Regardless of the stakeholder, marketing communications can perform many roles including: inform, persuade, remind, reassure, differentiate and sometimes change behaviour directly. Marketing communication is a strategic part of the marketing process and not merely a single part thereof. Communication is the message that is relayed to the customer rather than the nuts and bolts of the technology that delivers it. Communicating with your customers enables you to deliver your message to them so that they will react to it. Communications Reaches the Consumer Consumers are affected by the communication a brand has with them.
This communication as well as the experience they have adds to the brand’s value in the mind of the consumer and builds on their cognitive and emotional ties to a brand. Think of it this way: communication is the message that is delivered to the client; marketing is the means of getting it there. Therefore, communication is not just a part of the marketing mix but also should be integrated into your customer service process — from the accounts payable department all the way through to your sales staff and even the CEO of your company. It is your message to the customer.
The message you wish to communicate with them, your ethos and way of thinking. Ads by Google Strategic Management 1 wk course for leaders & managers at National University of Singapore executive-education. nus. edu eMarketing Conference San Francisco, April 19, 20, 2011 Advance Early Registration Rates www. eMarketingAssociation. com Knowing that communication is part of the marketing mix but also your entire company message, you need to think about what that message will be and think about it seriously. As an organization you should all be delivering the same message and the same ethos.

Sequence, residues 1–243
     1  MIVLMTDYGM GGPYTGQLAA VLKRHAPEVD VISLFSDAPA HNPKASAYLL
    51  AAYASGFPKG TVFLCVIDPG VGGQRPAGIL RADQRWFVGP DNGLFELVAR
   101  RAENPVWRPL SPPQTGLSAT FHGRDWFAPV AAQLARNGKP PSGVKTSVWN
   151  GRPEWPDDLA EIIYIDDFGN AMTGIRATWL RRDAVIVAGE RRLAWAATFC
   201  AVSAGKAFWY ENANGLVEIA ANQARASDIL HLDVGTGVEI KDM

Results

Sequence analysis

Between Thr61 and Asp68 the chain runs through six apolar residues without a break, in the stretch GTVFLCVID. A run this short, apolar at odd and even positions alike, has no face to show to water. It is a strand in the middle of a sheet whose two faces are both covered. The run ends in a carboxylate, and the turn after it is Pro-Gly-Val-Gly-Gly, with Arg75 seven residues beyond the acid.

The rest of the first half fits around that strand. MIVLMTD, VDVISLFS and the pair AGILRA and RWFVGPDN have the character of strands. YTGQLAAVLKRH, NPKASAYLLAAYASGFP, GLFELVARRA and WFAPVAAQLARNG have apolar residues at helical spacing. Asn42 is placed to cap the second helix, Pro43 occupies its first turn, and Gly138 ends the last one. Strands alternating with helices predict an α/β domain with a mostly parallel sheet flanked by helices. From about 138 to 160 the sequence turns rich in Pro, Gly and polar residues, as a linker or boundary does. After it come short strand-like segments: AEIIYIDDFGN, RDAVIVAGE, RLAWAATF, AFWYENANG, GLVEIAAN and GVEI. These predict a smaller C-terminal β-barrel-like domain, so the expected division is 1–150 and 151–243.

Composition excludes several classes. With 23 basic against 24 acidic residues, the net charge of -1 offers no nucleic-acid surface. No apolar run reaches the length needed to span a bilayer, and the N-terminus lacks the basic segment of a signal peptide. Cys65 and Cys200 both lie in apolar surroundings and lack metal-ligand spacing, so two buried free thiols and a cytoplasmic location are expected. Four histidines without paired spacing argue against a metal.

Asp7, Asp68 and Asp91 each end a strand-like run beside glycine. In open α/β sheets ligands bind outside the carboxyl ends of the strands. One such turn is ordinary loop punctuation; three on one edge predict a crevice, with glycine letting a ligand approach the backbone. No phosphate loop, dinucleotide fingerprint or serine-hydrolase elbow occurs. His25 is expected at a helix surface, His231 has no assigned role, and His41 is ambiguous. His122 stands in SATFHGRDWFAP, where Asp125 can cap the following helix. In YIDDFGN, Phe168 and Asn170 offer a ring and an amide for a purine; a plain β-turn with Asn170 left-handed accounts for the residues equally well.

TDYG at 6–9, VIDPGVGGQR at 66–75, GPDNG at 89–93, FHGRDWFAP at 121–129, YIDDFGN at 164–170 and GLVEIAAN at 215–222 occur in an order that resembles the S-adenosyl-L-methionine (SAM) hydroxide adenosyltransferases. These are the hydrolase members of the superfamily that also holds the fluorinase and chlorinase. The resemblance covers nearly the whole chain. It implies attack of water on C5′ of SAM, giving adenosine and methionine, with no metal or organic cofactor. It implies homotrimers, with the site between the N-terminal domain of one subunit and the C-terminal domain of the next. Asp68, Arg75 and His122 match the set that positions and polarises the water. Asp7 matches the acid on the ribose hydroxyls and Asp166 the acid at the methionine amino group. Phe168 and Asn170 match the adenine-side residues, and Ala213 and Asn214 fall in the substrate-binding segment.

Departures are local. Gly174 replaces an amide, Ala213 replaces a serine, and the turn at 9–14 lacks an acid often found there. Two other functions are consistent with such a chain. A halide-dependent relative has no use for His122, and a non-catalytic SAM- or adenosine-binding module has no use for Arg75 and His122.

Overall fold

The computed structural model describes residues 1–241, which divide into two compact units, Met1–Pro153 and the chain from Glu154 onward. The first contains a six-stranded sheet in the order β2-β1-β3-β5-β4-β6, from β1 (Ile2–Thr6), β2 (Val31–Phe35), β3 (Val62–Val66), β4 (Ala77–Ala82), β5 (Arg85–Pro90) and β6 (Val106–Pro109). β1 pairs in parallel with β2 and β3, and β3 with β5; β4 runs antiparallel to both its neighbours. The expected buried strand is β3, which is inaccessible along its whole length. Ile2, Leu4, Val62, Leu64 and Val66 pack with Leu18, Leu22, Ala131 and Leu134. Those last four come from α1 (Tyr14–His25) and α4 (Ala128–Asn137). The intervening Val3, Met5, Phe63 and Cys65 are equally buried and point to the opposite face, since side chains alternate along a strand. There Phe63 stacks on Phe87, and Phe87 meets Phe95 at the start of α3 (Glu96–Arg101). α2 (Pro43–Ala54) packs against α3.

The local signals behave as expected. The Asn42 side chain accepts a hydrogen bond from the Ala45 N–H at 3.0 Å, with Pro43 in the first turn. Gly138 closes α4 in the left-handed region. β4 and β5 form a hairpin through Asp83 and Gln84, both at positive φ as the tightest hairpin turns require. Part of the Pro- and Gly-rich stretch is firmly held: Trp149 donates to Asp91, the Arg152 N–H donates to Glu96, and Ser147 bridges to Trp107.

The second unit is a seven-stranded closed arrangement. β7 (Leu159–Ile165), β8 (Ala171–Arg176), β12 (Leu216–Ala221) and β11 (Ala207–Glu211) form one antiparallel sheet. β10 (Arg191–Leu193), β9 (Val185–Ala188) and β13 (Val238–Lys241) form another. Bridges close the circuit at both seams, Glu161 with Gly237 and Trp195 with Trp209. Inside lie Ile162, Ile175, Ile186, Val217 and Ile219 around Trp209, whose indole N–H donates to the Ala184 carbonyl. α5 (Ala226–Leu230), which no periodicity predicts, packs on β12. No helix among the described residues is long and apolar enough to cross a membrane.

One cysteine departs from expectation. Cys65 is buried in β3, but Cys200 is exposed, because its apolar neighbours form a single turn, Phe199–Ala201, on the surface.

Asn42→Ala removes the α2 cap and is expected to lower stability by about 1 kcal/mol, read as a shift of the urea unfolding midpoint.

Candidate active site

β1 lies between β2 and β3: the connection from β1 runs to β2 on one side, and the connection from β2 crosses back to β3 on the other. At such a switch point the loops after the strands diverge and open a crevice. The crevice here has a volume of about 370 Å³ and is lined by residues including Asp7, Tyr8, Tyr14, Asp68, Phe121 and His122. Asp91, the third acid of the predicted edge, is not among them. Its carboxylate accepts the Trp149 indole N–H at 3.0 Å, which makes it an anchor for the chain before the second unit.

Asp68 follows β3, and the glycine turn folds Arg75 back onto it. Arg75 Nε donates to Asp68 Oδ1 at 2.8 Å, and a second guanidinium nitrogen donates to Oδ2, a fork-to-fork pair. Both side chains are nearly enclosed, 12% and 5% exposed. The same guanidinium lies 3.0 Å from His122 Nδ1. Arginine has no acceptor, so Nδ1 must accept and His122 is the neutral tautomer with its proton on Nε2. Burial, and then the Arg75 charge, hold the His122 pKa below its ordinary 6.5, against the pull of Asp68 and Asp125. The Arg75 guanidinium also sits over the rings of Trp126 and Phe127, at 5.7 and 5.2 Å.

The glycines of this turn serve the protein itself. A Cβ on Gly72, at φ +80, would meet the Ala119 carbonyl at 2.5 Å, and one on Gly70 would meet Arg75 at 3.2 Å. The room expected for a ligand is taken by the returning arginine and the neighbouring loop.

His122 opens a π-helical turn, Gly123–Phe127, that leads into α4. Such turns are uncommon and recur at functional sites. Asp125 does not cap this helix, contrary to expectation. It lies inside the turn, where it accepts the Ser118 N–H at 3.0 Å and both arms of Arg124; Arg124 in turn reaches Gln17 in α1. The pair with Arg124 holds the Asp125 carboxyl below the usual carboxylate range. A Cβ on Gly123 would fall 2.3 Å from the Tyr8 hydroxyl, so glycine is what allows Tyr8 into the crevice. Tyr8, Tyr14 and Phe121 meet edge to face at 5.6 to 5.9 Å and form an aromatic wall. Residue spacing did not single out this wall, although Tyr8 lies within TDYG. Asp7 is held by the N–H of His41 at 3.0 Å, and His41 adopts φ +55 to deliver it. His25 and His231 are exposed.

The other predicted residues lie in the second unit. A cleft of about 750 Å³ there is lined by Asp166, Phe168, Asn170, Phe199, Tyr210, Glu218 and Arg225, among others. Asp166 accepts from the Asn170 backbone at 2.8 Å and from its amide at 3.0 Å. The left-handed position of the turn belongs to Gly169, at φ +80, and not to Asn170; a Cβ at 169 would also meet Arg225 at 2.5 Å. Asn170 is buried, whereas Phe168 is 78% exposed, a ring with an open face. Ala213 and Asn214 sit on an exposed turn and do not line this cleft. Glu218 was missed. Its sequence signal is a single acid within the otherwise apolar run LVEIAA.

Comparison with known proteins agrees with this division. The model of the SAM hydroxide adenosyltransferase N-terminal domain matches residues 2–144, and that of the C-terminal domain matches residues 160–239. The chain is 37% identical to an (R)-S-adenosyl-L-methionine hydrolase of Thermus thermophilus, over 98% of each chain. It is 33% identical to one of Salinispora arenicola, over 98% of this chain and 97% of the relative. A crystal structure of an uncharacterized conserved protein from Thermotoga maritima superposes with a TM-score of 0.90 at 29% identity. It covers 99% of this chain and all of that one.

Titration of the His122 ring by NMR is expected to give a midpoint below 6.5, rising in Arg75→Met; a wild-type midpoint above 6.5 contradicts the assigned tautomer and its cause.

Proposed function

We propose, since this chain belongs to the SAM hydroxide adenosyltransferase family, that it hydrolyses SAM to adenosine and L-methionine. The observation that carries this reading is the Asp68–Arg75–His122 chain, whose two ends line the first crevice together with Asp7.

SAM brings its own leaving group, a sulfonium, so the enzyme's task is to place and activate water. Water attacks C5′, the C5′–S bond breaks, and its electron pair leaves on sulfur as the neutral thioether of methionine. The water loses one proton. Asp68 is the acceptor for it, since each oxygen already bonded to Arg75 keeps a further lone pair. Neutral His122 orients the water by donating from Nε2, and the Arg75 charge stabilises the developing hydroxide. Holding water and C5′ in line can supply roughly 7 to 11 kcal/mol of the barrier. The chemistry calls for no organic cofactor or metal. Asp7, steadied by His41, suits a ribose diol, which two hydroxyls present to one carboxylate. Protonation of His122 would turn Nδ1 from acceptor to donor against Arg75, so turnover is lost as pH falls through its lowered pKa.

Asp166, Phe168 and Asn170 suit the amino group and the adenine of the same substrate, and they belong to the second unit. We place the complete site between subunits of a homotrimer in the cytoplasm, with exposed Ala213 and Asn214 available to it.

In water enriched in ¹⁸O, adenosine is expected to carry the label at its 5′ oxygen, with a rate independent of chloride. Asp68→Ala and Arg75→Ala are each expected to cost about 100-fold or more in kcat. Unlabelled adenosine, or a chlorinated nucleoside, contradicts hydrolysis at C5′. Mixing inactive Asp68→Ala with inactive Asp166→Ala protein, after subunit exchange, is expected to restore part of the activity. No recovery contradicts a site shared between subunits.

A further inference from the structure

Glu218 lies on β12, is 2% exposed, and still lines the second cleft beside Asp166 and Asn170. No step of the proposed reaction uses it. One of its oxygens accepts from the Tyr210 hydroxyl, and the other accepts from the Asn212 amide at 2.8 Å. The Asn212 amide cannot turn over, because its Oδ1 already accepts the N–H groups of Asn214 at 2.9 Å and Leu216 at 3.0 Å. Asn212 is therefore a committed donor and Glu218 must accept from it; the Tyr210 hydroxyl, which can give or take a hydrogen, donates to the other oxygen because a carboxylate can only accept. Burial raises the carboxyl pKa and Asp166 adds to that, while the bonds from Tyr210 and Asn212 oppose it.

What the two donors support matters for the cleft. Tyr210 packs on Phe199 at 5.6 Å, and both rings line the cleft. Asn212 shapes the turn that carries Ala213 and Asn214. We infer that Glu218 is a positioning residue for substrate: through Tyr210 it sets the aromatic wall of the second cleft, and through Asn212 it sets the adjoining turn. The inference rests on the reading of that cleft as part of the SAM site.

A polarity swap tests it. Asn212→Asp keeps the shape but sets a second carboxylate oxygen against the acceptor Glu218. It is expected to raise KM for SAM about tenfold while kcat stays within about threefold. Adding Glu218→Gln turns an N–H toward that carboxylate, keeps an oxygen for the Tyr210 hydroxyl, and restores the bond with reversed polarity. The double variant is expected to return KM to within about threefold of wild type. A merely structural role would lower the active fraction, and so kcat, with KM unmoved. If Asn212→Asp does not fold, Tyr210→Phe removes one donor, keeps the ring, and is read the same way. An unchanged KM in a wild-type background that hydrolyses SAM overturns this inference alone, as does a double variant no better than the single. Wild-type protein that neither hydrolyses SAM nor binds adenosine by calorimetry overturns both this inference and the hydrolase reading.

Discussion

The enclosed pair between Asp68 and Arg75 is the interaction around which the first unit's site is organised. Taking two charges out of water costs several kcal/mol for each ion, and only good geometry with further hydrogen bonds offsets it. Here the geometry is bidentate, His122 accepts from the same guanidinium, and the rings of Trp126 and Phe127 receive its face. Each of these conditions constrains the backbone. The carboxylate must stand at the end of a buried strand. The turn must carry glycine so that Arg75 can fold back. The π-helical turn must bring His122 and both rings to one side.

There is little point being customer friendly and bending over backwards for them on the advertising if the salesperson is harsh and unmovable. There is no point giving guarantees as a salesperson that your customer service team is unable to deliver on. Clearly Communicate Your Marketing Message This message that you are communicating to the customer is the one that will stay with them and if across the board in all departments and areas that message is a positive one, then your customer loyalty and a positive cognitive brand connection will grow.
If, on the other hand, the message is disjointed and they have a great marketing experience but the customer service falls short, all the hard working in the marketing of the product will be undone and a negative cognitive brand connection will be formed. Think about how you would like consumers to think of your business and products. How you would like to be viewed by all who experience your customers? Then look at your competitors and try and see where they fall short or stand out compared to you. Be honest, decide on the changes that need to be made and then make them.